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  • Writer's pictureBrian Childress

Mammoth Cave National Park - Kentucky

Updated: Nov 22, 2021

(Post and photos by Leigh Touchton and Brian Childress)

Mammoth Cave National Park is an American national park in west-central Kentucky, encompassing portions of Mammoth Cave, the longest cave system known in the world.

Since the 1972 unification of Mammoth Cave with the even-longer system under Flint Ridge to the north, the official name of the system has been the Mammoth–Flint Ridge Cave System. The park was established as a national park on July 1, 1941, a World Heritage Site on October 27, 1981, and an international Biosphere Reserve on September 26, 1990.

The park's 52,830 acres are located primarily in Edmonson County, with small areas extending eastward into Hart and Barren counties. The Green River runs through the park, with a tributary called the Nolin River feeding into the Green just inside the park. Mammoth Cave is the world's longest known cave system with more than 420 miles of surveyed passageways, which is nearly twice as long as the second-longest cave system, Mexico's Sac Actun underwater cave.

Coversations/Things we learned:

This park houses the largest cave system in the world. It is highly recommended you give yourself two or three days as there are several cave tours which you must pay and register for.

Unlike Carlsbad Cavern which is a cavern; just one type of cave which is formed naturally in soluble rock and grows speleothems (the general term for cave formations like stalagmites and stalactites). Mammoth Cave is a true cave which is defined as any cavity in the ground that has a section which does not receive direct sunlight. Mammoth Cave was created by the natural process of limestone erosion, known as karst topography. During this process rain and rivers slowly dissolve and shape soft limestone, creating a vast system of caves. Underground rivers are still carving new passages today.

Mammoth Cave also has Indian Bats. These bats and to a lesser extent, Gray Bats, were prominent species in Mammoth Cave only 150 years ago. Today these bats are listed as endangered. Indian Bats along with Brown Bats frequent Mammoth Cave but their numbers have dropped due to White-Nose Syndrome.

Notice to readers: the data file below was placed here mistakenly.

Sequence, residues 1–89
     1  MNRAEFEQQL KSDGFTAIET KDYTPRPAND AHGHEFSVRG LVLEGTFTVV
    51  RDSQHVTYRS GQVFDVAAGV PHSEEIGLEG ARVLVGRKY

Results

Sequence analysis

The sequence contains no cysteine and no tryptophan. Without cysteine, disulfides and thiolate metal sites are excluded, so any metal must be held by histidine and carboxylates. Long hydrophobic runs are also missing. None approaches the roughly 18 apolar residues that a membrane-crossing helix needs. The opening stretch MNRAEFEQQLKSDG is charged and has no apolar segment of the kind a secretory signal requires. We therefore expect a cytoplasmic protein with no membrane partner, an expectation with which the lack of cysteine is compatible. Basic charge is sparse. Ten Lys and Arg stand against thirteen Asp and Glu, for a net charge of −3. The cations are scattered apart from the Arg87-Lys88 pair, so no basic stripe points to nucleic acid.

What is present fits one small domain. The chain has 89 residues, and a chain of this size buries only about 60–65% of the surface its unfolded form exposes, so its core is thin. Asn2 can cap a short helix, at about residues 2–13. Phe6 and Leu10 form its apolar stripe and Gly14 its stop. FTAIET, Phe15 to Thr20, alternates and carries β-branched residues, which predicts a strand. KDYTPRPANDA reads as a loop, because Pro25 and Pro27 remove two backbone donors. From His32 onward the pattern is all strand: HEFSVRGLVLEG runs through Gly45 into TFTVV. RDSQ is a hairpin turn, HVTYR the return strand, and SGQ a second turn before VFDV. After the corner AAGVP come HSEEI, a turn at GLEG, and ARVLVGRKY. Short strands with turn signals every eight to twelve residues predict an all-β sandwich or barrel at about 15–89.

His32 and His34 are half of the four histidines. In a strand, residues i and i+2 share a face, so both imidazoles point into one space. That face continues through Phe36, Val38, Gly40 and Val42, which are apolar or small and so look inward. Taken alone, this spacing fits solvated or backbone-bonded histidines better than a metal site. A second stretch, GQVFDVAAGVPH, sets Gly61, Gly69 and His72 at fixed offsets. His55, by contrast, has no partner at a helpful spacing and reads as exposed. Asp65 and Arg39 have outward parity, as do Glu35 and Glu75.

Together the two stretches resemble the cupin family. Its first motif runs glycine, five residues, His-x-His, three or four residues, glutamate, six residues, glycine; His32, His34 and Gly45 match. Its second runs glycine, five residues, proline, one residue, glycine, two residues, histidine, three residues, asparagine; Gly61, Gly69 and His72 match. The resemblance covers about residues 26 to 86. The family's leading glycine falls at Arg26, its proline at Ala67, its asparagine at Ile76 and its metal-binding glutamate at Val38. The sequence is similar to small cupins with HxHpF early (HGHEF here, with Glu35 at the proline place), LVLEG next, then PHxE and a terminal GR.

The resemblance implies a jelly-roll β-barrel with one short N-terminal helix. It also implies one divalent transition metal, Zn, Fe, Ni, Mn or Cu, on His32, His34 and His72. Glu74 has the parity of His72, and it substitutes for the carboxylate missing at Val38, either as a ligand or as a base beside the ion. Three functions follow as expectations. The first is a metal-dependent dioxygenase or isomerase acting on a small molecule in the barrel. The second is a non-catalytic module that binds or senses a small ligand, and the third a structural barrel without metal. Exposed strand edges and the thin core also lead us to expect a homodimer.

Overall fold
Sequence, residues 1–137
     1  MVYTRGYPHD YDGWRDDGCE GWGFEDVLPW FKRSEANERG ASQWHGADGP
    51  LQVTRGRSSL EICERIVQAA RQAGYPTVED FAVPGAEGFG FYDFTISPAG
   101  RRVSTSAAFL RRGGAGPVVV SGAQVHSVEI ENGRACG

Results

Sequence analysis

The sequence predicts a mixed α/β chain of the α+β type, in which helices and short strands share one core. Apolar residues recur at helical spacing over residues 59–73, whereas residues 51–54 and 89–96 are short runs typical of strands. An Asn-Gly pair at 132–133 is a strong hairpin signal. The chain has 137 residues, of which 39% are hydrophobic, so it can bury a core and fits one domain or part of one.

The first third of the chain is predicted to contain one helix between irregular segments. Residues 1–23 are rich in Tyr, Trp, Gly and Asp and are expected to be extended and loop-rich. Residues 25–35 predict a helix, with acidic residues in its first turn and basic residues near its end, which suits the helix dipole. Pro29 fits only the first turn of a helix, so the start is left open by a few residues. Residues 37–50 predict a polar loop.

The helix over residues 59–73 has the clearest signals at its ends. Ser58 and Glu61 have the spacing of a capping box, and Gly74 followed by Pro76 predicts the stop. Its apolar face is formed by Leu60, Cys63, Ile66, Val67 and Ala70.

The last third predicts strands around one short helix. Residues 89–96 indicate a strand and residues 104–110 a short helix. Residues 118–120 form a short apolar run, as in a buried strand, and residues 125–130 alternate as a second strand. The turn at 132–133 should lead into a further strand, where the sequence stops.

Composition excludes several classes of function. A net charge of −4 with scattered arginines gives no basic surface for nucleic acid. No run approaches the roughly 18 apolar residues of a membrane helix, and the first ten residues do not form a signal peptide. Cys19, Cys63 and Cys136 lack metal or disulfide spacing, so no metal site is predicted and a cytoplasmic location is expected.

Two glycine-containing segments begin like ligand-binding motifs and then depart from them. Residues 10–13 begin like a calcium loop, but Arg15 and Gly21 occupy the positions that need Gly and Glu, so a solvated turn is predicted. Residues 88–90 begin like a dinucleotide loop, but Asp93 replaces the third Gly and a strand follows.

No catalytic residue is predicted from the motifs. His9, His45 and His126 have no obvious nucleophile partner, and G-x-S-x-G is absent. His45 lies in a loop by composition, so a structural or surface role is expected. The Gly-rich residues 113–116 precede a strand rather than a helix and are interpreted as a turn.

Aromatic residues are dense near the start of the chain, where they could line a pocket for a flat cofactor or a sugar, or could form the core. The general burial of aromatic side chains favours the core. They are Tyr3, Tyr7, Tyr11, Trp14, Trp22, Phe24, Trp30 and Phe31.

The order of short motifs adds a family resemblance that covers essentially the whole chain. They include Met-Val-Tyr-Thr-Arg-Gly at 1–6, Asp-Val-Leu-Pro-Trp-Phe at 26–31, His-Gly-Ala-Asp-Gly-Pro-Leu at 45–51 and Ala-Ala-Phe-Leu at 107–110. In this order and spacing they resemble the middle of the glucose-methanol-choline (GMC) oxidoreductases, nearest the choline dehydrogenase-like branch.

Researchers call the disease “white-nose syndrome” (WNS) because of the visible white fungal growth on infected bats’ muzzles and wings. This cold-loving fungus infects bats during hibernation, when the bats reduce their metabolic rate and lower their body temperature to save energy over winter. Hibernating bats affected by WNS wake up to warm temperatures more frequently, which results in using up fat reserves and then starvation before spring arrives. Since WNS already exists on bats in this cave you will be required to walk though a soap/fungicide mixture when leaving the cave to prevent spread to other bat caves.

Visitors are warned that this cave system has very low ceilings and pass-throughs like “Fat-Man’s Misery” which is very narrow with a low ceiling clearance. The park should provide helmets for those standing over 5 foot, 8 inches but they don’t. Therefore, if you are disabled, have a heavy build, or claustrophobic, stay away from this particular tour. If you are taller than 5 feet, 8 inches, we recommend a helmet which you will have to bring for yourself since there none given out to visitors.

The lighting has recently been changed to orange instead of white in order to stop the growth of algae. The low light levels and cramped passageways make concussions a real possibility for tall folks. Take this very seriously. The Heritage tour lasts 2 hours and you will cover approximately 2 miles. Know your limitations and err on the side of caution.

The temperature inside the cave is approximately 55 degrees year-round so bring a jacket. Masks are required. Due to the cold air and your warm breath, your glasses are probably going to continually fog so taking clear photographs is a real challenge. Flash photography is not permitted and the scoldings from the end-of-the line Ranger were rather nasty.

Mammoth sells 50-60 tickets for this tour and processes visitors rapidly with very little explanation of notable features. It felt like an assembly line.

This park has some of the nicest hiking trails we have seen and there is also a free vehicle ferry for crossing the Green River. There are over 80 miles of trails - we hiked 6 miles and loved the wide, well maintained forest pathways. There is also an ADA approved trail. Park entry is free! The park charges for cave tours only.

The visitor center has an impressive museum which provides a good history of the cave and region. There is an excellent gift shop and adequate cafe with inside and outside seating.

In summary, this is a national park you should go out of your way to visit. Outside of a rude Park Ranger, we found this park worth the visit.

Contact Information:

P.O. Box 7

Mammoth Cave, KY 42259-0007

Phone: (270) 758-2180


Visitor Center and Park Complex:

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Museum at Visitor Center:

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Mammoth Cave:

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Hiking Trails:

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(Vehicle Ferry Inside Park)

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